But if there had been ample discussion, it’s fair to say the purchase of a new building would garner, at the very least, some public feedback. But the way in which the board went about it prevented any public input. More importantly, the public wasn’t informed the county was going to purchase the NewCare building.
Conversations about the NewCare building purchase, he reiterated, did happen in a legal closed session.
“There were very good reasons for this at the time, as the county was not the only government entity that was interested in buying this building,” Cupples said. “A public bidding war was not in the taxpayer’s best interest.”
The supervisors chairman later said time was of the essence and that action needed to be taken. Cupples said Iowa Code chapter 331.441 allows for counties to spend up to $750,000 to purchase a public building without allowing public vote
Does the county ever use purchase agreements when buying real estate? If so, why wasn’t one used here?
Cupples said there is no legal requirement to use a purchase agreement when buying real estate property in the State of Iowa. The county uses legal contracts drawn up by our attorneys.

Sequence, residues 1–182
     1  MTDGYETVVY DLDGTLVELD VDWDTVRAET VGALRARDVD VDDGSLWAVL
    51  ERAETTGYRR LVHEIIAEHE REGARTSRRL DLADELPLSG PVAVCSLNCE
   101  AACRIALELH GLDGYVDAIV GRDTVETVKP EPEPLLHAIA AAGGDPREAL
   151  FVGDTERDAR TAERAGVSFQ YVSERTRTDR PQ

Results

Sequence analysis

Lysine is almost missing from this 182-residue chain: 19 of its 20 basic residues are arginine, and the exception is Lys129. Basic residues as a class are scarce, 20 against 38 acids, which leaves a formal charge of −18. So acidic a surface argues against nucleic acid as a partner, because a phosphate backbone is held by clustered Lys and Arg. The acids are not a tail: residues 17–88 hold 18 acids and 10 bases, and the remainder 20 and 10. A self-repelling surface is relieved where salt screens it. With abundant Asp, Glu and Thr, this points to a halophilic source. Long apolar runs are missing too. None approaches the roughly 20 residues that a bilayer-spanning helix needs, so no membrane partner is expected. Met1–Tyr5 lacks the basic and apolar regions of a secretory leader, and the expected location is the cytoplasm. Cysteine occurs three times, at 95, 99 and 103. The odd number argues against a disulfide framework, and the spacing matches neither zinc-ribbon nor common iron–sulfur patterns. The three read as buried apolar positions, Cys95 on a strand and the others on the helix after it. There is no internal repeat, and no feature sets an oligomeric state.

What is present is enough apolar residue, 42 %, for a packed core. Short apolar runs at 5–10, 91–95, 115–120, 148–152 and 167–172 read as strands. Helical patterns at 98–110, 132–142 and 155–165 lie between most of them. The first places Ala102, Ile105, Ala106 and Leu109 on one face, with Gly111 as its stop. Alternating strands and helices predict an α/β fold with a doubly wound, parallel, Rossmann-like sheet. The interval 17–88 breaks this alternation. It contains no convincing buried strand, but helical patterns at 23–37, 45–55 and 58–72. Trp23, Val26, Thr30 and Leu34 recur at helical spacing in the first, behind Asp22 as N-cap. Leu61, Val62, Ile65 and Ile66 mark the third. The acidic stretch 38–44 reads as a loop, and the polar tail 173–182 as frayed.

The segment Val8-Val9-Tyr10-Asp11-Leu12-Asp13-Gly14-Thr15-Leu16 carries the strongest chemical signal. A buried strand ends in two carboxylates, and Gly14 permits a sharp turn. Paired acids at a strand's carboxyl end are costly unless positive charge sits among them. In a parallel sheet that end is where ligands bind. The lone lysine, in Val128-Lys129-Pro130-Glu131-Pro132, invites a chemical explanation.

If the county’s intent is to buy a building, do you think a transfer order is the best way to communicate that to taxpayers?
I included this because oftentimes transfer orders on agendas are extremely vague. Only when you dive into the supplementary documents do you find out what transfer orders are for. The county approves these all the time.
My concern was that putting down “transfer order” for a building purchase may not get the point across to citizens. Cupples requested the county auditor provide him more accurate information for this question.
From Feb. 14, 2017 to Oct. 8, 2019 (two years, six months), a total of 42 weekly meetings had some sort of repair or replacement of the annex building on the agenda in this timeframe, they said. Over the same timeframe there were seven closed sessions on the repair or replacement of the annex building.